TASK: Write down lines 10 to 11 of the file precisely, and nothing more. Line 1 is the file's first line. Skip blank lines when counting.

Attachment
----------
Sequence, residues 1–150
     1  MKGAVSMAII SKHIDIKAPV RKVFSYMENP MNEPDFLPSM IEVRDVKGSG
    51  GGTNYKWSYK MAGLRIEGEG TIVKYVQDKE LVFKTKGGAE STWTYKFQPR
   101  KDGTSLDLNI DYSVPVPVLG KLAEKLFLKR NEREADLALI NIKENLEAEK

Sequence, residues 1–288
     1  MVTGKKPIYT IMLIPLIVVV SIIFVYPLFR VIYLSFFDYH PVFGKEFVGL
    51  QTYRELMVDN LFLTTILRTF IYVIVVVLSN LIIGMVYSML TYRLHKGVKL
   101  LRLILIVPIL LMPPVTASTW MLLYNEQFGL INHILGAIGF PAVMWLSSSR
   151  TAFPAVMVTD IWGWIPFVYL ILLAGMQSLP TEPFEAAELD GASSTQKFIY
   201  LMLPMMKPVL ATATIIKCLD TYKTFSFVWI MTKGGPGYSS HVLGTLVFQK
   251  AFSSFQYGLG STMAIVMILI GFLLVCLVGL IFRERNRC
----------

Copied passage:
   201  LMLPMMKPVL ATATIIKCLD TYKTFSFVWI MTKGGPGYSS HVLGTLVFQK
   251  AFSSFQYGLG STMAIVMILI GFLLVCLVGL IFRERNRC